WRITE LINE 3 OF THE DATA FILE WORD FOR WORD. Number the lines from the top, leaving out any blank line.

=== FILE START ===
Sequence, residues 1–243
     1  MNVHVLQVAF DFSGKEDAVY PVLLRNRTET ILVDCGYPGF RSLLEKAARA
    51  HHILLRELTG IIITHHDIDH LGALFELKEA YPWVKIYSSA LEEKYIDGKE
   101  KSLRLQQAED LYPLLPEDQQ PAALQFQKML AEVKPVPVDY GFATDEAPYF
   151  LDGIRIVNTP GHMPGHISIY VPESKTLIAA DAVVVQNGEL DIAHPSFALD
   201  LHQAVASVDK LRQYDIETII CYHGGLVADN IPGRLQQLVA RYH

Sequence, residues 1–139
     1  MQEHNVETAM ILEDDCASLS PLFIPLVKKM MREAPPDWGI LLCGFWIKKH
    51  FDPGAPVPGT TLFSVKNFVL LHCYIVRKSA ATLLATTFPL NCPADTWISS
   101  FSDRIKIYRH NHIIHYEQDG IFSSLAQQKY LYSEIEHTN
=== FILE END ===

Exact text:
    51  HHILLRELTG IIITHHDIDH LGALFELKEA YPWVKIYSSA LEEKYIDGKE